Numbers 36 – Laws Concerning Women Heirs
A. The problem of female and tribal inheritance.
1. (1-2) The background.
Now the chief fathers of the families of the children of Gilead the son of Machir, the son of Manasseh, of the families of the sons of Joseph, came near and spoke before Moses and before the leaders, the chief fathers of the children of Israel. And they said: “The Lord commanded my lord Moses to give the land as an inheritance by lot to the children of Israel, and my lord was commanded by the Lord to give the inheritance of our brother Zelophehad to his daughters.
a. The Lord commanded my lord Moses to give the land as an inheritance: This passage is a reference back to Numbers 27:1-11, where the daughters of Zelophehad were concerned that their father’s inheritance would vanish, because there were no sons in their family.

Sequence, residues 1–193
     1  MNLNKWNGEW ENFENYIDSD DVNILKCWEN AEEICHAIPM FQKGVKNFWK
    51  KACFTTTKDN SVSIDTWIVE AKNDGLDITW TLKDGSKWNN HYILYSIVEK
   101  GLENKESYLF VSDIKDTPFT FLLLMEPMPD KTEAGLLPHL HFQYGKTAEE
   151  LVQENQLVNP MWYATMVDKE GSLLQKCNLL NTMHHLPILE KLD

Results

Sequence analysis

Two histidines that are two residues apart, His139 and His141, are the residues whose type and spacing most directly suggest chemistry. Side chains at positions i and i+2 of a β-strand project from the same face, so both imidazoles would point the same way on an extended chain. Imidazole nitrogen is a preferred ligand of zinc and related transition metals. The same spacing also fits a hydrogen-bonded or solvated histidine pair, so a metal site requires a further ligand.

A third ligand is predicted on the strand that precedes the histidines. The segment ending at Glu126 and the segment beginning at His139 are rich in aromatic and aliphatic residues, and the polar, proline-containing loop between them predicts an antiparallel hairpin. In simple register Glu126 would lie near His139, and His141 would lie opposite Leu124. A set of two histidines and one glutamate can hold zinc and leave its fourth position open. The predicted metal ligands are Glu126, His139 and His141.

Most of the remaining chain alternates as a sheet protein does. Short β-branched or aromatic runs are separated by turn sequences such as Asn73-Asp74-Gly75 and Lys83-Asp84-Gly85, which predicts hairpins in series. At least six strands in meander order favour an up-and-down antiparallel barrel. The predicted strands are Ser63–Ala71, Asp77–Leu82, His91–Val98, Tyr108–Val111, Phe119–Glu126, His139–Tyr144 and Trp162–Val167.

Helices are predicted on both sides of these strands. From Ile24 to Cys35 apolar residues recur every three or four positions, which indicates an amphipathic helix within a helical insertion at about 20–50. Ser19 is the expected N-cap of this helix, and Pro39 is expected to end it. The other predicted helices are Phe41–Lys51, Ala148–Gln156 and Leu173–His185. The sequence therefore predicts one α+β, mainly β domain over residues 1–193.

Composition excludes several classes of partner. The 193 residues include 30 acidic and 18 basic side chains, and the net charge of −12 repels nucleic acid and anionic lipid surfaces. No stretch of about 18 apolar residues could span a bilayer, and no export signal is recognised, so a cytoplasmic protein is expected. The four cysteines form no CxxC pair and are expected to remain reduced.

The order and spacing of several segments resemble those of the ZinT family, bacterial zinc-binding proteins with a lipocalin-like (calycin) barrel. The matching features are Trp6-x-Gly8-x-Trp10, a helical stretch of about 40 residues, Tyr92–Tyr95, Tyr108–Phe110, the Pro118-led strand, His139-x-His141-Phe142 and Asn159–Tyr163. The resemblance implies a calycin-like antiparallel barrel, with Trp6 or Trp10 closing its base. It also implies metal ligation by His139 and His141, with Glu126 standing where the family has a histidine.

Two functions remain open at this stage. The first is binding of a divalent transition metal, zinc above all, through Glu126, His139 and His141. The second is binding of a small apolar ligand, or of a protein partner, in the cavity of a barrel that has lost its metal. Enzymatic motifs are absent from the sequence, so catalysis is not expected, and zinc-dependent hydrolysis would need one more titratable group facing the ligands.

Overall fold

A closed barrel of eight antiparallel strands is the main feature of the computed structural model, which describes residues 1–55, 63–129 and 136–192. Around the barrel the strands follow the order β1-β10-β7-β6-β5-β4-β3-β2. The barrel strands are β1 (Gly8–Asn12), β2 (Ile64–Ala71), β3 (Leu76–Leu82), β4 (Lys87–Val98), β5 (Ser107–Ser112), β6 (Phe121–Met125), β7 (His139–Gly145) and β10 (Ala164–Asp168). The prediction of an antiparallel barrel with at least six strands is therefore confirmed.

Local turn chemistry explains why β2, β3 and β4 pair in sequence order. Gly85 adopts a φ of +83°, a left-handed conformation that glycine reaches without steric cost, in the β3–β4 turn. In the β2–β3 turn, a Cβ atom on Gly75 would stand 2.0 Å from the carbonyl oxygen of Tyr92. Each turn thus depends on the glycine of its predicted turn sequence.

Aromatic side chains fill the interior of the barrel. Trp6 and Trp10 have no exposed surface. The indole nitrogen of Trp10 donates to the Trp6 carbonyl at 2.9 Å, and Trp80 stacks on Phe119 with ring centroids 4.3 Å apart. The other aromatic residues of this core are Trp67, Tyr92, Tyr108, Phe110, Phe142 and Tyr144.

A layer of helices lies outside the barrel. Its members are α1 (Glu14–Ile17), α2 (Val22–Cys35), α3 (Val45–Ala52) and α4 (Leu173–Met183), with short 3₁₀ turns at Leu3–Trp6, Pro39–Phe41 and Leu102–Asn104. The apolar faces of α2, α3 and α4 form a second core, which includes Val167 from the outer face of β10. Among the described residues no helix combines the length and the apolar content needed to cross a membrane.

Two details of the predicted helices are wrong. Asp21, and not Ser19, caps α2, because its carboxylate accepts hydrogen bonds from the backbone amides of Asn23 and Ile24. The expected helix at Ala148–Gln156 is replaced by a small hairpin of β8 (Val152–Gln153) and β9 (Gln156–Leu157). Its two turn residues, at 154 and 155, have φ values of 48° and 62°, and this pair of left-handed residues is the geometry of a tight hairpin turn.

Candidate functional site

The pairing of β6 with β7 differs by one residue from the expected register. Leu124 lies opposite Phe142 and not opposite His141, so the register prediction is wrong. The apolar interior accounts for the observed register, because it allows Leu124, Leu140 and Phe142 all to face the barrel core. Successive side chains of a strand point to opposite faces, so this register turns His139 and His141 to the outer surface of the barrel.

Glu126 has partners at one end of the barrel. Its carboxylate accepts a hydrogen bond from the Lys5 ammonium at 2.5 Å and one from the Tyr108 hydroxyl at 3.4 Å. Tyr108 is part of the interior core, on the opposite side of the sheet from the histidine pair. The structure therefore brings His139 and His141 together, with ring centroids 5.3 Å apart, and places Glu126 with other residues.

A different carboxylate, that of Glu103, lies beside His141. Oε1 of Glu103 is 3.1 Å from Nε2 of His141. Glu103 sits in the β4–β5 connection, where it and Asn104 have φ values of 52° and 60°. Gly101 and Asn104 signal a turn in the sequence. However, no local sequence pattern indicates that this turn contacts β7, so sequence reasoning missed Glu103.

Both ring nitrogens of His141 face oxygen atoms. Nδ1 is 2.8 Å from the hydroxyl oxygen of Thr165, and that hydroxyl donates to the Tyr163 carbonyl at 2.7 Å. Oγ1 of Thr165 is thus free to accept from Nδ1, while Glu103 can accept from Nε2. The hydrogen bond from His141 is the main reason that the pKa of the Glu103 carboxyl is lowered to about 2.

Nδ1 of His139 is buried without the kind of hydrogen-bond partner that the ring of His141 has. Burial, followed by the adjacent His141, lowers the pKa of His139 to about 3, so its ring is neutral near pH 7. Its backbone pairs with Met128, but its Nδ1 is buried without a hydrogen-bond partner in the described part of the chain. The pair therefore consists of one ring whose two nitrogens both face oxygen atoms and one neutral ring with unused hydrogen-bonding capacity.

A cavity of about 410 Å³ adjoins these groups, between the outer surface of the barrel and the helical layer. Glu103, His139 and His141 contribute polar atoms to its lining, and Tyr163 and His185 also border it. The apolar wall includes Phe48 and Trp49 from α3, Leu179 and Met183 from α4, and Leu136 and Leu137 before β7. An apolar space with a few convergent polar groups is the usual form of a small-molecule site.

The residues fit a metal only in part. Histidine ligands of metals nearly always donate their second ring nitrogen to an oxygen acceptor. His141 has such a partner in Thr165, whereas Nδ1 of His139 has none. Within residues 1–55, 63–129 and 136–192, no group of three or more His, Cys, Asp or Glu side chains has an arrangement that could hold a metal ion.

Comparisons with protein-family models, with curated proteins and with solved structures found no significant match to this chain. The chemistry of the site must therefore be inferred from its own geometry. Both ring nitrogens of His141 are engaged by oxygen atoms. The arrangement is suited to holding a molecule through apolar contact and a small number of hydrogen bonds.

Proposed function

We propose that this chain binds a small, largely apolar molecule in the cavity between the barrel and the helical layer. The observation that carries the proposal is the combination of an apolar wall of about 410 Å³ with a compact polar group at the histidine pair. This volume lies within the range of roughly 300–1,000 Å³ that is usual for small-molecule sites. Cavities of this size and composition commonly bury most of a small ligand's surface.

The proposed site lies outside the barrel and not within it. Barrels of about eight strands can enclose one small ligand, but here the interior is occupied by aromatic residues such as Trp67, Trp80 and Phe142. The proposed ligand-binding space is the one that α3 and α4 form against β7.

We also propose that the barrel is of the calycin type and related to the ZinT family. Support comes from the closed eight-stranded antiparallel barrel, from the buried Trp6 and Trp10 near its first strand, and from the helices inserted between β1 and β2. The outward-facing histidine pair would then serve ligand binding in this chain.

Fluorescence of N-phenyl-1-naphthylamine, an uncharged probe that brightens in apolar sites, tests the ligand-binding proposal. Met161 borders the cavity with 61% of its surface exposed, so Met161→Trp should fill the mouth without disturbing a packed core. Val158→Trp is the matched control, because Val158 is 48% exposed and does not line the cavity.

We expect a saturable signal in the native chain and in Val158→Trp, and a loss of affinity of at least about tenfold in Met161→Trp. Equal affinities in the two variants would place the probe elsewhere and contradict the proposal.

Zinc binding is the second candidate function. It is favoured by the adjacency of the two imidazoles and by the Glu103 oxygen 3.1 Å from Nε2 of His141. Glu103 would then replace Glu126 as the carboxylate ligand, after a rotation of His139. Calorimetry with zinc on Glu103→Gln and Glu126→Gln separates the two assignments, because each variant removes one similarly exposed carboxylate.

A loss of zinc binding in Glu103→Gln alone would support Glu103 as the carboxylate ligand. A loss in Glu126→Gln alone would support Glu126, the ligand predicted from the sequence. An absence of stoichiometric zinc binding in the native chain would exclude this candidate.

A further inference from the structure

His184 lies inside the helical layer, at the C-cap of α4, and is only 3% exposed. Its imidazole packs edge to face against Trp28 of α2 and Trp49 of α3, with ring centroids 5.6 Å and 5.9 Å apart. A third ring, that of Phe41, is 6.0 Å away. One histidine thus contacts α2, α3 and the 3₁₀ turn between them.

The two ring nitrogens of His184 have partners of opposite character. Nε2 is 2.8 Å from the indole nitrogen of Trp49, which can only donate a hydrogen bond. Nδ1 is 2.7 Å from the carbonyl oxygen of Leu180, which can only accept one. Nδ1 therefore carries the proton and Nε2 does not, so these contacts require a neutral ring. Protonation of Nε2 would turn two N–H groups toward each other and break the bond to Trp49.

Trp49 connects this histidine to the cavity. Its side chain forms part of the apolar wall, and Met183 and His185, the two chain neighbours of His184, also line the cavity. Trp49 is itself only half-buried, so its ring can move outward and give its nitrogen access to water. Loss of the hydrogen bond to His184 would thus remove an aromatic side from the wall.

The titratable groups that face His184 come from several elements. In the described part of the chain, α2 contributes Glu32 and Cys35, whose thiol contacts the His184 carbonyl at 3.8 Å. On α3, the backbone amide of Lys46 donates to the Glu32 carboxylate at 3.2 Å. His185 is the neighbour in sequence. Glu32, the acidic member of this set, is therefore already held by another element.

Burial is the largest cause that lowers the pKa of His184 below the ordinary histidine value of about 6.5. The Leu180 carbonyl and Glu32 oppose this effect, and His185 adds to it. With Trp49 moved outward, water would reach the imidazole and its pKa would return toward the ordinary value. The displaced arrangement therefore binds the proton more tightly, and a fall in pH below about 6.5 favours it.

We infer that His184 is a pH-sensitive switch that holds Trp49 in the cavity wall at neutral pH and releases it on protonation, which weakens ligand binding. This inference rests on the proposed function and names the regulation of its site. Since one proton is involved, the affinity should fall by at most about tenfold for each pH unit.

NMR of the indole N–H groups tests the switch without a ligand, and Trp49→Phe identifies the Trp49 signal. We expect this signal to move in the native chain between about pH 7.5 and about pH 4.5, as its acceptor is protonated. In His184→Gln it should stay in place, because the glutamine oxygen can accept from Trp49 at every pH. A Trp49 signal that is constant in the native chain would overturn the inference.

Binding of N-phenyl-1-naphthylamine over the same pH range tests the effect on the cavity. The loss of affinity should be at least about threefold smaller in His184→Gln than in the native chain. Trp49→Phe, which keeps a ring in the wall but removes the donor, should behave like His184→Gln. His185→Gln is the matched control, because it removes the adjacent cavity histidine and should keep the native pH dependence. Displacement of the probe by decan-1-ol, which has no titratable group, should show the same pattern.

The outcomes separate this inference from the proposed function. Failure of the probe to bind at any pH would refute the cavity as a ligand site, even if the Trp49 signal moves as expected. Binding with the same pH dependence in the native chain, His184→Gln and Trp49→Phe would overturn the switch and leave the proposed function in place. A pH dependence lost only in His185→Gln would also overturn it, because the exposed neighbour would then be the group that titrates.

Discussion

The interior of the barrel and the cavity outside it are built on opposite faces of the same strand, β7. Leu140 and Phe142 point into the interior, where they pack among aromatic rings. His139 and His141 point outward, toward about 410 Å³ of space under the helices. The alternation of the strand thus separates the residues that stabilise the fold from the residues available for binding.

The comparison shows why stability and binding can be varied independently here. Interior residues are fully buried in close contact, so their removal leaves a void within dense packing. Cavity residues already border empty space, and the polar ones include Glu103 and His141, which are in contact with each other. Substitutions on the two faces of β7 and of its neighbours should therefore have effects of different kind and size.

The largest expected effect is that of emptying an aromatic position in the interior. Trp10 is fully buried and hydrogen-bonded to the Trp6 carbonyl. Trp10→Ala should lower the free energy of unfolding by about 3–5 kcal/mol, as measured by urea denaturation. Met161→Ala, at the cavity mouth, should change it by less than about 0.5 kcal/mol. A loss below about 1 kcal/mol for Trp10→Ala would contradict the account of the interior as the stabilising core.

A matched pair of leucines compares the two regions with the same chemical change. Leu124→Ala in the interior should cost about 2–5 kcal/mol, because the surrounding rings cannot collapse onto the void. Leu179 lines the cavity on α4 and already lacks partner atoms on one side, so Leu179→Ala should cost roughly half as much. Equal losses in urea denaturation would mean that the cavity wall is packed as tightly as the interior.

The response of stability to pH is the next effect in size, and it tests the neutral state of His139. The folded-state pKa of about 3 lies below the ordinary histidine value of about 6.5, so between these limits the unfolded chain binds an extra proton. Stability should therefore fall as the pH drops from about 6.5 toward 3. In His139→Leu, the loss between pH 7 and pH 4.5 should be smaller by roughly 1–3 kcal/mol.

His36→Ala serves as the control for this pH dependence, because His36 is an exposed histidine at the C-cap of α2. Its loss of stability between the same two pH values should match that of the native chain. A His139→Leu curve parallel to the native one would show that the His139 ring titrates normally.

b. Was commanded by the Lord to give the inheritance of our brother Zelophehad to his daughters: God, through Moses, declared that if a father has no sons, the inheritance can then go to the daughters.
2. (3-4) The problem raised by the solution regarding Zelophehad’s daughters and their issue.
“Now if they are married to any of the sons of the other tribes of the children of Israel, then their inheritance will be taken from the inheritance of our fathers, and it will be added to the inheritance of the tribe into which they marry; so it will be taken from the lot of our inheritance. And when the Jubilee of the children of Israel comes, then their inheritance will be added to the inheritance of the tribe into which they marry; so their inheritance will be taken away from the inheritance of the tribe of our fathers.”
a. If they are married to any of the sons of the other tribes of the children of Israel, then their inheritance will be taken: If the land was given to the daughters, then when the daughters married, the land went to their husband’s tribe – and eventually, the original tribe’s lands would become depleted.